public FoodsViewModel SelectedFood { get; set; }
    public FoodDetailViewModel(FoodsViewModel selectedFoodsViewModel)
    {
        homeViewModel = new HomeViewModel();
        var selectedItem = homeViewModel.Foods.Where(f => f.Name_Food.Equals(selectedFoodsViewModel.Name_Food)).FirstOrDefault();
        SelectedFood = new FoodsViewModel(selectedItem);
    }
}

Proportions in the Interface

Going deeper into the issue of proportions, it is important to divide the elements of an interface into colored regions, both for the rows and for the columns, to later obtain a global view of both, this helps to locate the elements in the XAML.

Proportions on Base FoodDetailPage


Proportions in FoodDetailPage.xaml

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<ScrollView>
    <Grid>
        <Grid.RowDefinitions>
            <!--  0  -->
            <RowDefinition Height="13" />
            <!--  1  -->
            <RowDefinition Height="48" />
            <!--  2  -->
            <RowDefinition Height="13" />
            <!--  3  -->
            <RowDefinition>
            <!-- Mix Structure  -->
            </RowDefinition>
            <!--  4  -->
            <RowDefinition Height="32" />
            <!--  5  -->
            <RowDefinition Height="Auto" />
            <!--  6  -->
            <RowDefinition Height="16" />
            <!--  7  -->
            <RowDefinition Height="Auto" />
            <!--  8  -->
            <RowDefinition>
            <!-- Mix Structure  -->
            </RowDefinition>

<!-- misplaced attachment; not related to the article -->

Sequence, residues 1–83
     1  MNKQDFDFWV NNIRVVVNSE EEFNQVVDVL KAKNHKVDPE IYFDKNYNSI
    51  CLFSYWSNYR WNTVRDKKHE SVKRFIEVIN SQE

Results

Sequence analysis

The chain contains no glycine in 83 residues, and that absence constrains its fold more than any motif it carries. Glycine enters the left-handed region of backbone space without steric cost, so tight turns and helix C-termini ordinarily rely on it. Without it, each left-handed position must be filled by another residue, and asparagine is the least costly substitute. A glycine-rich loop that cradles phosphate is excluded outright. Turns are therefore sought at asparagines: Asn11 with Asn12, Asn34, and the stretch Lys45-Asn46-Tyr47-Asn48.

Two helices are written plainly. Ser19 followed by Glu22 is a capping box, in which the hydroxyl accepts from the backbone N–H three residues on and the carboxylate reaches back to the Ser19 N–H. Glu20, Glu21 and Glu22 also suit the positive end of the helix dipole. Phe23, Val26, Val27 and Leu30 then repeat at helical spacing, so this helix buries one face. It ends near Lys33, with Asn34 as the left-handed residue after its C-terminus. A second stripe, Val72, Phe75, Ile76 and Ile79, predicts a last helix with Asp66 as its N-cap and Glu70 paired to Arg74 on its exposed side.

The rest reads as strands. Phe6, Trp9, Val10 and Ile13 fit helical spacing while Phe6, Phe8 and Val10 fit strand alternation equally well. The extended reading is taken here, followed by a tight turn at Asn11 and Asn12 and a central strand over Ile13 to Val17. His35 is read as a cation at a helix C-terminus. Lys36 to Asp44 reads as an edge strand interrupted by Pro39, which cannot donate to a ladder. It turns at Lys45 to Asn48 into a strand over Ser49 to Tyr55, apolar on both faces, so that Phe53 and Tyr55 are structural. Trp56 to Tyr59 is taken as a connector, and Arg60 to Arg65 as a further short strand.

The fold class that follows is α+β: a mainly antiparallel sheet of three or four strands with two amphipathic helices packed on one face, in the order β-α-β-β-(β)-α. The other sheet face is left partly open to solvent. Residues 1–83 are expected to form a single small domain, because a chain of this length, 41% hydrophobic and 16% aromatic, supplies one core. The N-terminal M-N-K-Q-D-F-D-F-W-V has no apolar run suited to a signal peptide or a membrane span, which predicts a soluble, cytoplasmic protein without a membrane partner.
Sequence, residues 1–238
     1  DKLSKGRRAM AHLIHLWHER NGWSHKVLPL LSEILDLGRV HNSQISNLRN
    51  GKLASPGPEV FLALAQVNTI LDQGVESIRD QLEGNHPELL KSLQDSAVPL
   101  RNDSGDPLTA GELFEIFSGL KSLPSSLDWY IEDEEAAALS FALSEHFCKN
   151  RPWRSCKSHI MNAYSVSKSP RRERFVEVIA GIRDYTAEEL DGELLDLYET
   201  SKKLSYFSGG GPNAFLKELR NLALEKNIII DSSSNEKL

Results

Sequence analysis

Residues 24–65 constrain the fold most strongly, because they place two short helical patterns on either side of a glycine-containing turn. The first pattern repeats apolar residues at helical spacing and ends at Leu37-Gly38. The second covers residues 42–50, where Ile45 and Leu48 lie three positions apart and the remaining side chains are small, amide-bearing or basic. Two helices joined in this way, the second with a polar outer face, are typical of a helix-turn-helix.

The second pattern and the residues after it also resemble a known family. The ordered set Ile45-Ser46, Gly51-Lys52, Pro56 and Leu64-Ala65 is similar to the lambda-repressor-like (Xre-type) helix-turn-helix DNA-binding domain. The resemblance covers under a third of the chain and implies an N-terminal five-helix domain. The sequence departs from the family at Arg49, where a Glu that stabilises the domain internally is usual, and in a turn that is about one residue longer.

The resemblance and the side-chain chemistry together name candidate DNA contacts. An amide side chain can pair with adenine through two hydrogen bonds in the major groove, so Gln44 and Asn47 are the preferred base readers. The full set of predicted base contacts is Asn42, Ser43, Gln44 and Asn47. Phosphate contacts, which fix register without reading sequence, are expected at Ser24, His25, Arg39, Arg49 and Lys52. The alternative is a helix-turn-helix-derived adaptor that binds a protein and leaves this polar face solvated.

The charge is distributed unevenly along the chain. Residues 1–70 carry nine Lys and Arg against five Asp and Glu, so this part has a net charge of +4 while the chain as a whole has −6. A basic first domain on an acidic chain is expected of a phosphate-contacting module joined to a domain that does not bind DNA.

<!--  9  -->
            <RowDefinition Height="16" />
            <!--  10  -->
            <RowDefinition Height="Auto" />
            <!--  11  -->
            <RowDefinition Height="8" />
            <!--  12  -->
            <RowDefinition Height="Auto" />
            <!--  13  -->
            <RowDefinition Height="10" />
            <!--  14  -->
            <RowDefinition Height="25" />
        </Grid.RowDefinitions>
        <Grid.ColumnDefinitions>
            <!--  0  -->
            <ColumnDefinition Width="0.01*" />
            <!--  1  -->
            <ColumnDefinition Width="0.04*" />
            <!--  2  -->
            <ColumnDefinition Width="32" />
            <!--  3  -->
            <ColumnDefinition Width="0.23*" />
            <!--  4  -->
            <ColumnDefinition Width="0.126*" />
            <!--  5  -->
            <ColumnDefinition Width="161" />
            <!--  6  -->
            <ColumnDefinition Width="32" />
            <!--  7  -->
            <ColumnDefinition Width="0.04*" />
            <!--  8  -->
            <ColumnDefinition Width="0.01*" />
        </Grid.ColumnDefinitions>

        <!--  Top Icons  -->
        <!--  Image  -->
        <!--  Title and Description  -->
        <!--  Description and Price Value  -->
        <!--  Add to Cart Button  -->
    </Grid>
</ScrollView>

Top Icons

Top Icons Design

Complying with the Material Design parameters, the icons were standardized with a Touch Target Area of ​​48*48px, all thanks to TouchEffect, a super useful and important effect from Xamarin Community Toolkit.

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<!--  Top Icons  -->
<StackLayout
    Grid.Row="1"
    Grid.Column="1"
    Grid.ColumnSpan="2"
    xct:TouchEffect.NativeAnimation="True"
    xct:TouchEffect.AnimationDuration="300">
    <StackLayout.GestureRecognizers>
        <TapGestureRecognizer Tapped="ReturnPreviousPage_Tapped" />
    </StackLayout.GestureRecognizers>
    <Image
        Source="{StaticResource icon_left_arrow_line}"